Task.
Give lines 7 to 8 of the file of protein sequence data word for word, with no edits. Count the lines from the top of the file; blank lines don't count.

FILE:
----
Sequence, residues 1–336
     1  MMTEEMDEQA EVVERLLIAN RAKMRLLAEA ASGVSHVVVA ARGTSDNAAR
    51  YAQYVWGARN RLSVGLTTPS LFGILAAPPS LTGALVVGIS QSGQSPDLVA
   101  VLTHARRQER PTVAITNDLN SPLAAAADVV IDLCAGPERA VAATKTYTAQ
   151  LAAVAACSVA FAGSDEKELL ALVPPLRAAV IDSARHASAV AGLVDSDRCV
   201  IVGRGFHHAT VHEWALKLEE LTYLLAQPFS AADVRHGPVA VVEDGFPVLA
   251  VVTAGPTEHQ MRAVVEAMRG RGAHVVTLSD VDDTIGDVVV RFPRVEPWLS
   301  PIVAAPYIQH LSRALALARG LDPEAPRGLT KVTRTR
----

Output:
   251  VVTAGPTEHQ MRAVVEAMRG RGAHVVTLSD VDDTIGDVVV RFPRVEPWLS
   301  PIVAAPYIQH LSRALALARG LDPEAPRGLT KVTRTR